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Robert Frost's Poems

4.31  ·  Rating Details ·  2,470 Ratings  ·  83 Reviews
A proven bestseller time and time again, Robert Frost's Poems contains all of Robert Frost's best-known poems-and dozens more-in a portable anthology. Here are "Birches," "Mending Wall," "Stopping by Woods on a Snowy Evening," "Two Tramps at Mudtime," "Choose Something Like a Star," and "The Gift Outright," which Frost read at the inauguration of John F. Kennedy." An essen ...more
Paperback, 288 pages
Published March 15th 2002 by St. Martin's Paperbacks (first published 1930)
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Jan 12, 2013 Rowena rated it really liked it
Shelves: own, poetry
I was impressed by the wide range of topics Frost wrote poems about. Some of the poems read like short stories; one of them had a Poe feel to it.

In all honesty, I bought this poetry collection solely for The Road Not Taken, but there were quite a lot of good poems in this one.
May 07, 2016 Markus rated it it was amazing
Shelves: poetry
I had read some of his poems, like "Mending the wall" and "the snowstorm", but not all of them, until now. I had not realised how great and famous Frost was in his lifetime. Now I understand better.
I just love and admire his farmland poetry, it reminds me of so many things of my own young life in the countryside (in Austria though). And then he enchants with his deep human knowledge, amorous, grumpy, hopeful or disappointed. He sings of trees and flowers and birds and butterflys even ants and in
Bruno Oliveira
May 27, 2012 Bruno Oliveira rated it it was amazing
Shelves: favorites
Two roads diverged in a yellow wood,
And sorry I could not travel both
And be one traveler, long I stood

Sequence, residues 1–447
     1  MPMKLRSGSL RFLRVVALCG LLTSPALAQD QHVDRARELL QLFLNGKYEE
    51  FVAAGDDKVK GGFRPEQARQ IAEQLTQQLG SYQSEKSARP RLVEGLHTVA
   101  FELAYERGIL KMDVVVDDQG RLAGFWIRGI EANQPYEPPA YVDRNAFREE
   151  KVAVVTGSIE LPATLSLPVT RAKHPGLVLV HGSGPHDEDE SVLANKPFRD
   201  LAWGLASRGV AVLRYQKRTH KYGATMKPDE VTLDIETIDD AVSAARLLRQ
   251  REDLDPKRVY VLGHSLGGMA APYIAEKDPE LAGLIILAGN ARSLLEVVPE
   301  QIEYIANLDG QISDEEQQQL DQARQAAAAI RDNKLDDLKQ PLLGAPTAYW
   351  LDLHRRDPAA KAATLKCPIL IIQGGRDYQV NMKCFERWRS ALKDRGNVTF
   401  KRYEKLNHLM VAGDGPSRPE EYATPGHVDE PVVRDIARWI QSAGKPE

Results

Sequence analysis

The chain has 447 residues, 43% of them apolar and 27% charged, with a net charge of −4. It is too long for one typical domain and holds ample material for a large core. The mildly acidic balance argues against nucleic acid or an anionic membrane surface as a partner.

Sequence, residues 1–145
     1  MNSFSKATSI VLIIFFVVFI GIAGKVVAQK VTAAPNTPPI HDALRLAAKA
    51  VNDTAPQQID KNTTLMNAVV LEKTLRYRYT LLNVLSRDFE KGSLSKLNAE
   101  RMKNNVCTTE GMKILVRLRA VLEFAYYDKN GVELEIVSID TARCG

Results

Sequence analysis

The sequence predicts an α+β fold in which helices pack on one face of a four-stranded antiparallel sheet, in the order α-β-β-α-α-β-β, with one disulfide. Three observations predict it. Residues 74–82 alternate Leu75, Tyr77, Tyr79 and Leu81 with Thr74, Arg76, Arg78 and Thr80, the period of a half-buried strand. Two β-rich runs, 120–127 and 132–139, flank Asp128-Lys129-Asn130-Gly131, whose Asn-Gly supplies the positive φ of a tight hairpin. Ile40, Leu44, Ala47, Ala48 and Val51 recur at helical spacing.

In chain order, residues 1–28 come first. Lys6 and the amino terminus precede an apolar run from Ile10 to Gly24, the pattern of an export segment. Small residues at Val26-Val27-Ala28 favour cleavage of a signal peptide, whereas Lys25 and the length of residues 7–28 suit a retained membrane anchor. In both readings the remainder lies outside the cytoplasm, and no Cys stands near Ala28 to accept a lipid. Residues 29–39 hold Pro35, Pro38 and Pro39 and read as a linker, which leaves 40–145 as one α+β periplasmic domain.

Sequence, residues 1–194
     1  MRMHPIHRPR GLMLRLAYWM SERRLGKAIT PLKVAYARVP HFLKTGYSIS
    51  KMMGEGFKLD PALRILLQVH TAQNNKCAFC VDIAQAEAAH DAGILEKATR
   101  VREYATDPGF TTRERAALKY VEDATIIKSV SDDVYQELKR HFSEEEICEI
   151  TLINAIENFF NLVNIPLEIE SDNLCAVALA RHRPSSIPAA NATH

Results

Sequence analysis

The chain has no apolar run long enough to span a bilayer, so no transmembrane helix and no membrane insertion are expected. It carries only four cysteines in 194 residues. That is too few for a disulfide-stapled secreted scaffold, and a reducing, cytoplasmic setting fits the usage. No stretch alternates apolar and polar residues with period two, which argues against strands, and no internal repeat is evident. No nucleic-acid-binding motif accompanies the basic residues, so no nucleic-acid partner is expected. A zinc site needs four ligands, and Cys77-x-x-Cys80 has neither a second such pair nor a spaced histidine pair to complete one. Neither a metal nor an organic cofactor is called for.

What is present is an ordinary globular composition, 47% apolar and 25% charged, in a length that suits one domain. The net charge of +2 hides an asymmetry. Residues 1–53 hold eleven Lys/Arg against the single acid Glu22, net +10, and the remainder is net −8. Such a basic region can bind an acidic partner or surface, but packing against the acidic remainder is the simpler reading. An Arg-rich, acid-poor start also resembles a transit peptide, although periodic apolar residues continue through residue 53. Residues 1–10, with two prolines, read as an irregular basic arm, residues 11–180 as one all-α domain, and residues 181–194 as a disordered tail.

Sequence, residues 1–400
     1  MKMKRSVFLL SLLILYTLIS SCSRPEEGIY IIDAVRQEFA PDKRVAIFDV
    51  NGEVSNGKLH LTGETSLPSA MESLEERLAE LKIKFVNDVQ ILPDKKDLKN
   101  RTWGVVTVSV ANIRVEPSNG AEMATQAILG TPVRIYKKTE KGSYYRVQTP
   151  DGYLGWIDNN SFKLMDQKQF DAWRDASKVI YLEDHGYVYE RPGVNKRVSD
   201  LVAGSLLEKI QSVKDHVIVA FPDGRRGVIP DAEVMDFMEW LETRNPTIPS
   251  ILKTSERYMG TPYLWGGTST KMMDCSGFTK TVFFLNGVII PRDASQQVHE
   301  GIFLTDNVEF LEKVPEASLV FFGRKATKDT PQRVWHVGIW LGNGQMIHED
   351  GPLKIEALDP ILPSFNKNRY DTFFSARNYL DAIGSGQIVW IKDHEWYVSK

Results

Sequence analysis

And looked down one as far as I could
To where it bent in the undergrowth;

Then took the other, as just as fair,
And having perhaps the better claim
Because it was grassy and wanted wear;
Though as for that the passing there
Had worn them really about the same,

And both that morning equally lay
In leaves no step had trodden black.
Oh, I kept the first for another day!
Yet knowing how way leads on to way,
Feb 22, 2013 James rated it it was amazing  ·  review of another edition
It is something of a paradox that Frost, our most well-known poet, is also our most underrated poet. His over-familiarity has given a false image of him; people think he wrote Hallmark cards. Reading his poetry closely is a fascinating education. He is one of the darkest, most illusive American writers in some moods; in others, he is cynical and enigmatic. If you appreciate poetry, read Frost. If all you know is "The Road Not Taken" and you think Frost is an artless hack writing verse to be fram ...more
Gabe Redel
Sep 03, 2012 Gabe Redel rated it it was amazing
Is Robert Frost my favorite poet ever? Possibly, yes, he very well could be. This collection of Frost poems has me pulling it off the shelf every time I need a friend. It doesn't matter what he writes about, it is always welcoming and approachable. He's got that intrigue in his words that never lets go. He always has some wisdom to share, and he makes me feel like he cares about those who are reading his poems.
May 11, 2016 James rated it it was amazing
Shelves: verse
Happiness makes up in height for what it lacks in length.
Connor Rystedt
Sep 01, 2015 Connor Rystedt rated it it was amazing
As my last review was my first of a collection of short stories, this review will be my first of a collection of poetry. During the Spring of 2015—my last semester at Anoka-Ramsey Community College—I took a poetry course with the hopes of becoming more open and appreciative to it. I'm much more of a prose man, as all of my own ambitions are in that form. In the end, I was glad I took it. I learned how to carefully read poetry, and what things to pay attention to. I also learned something that I' ...more
Jennifer M. Hartsock
Feb 24, 2012 Jennifer M. Hartsock rated it really liked it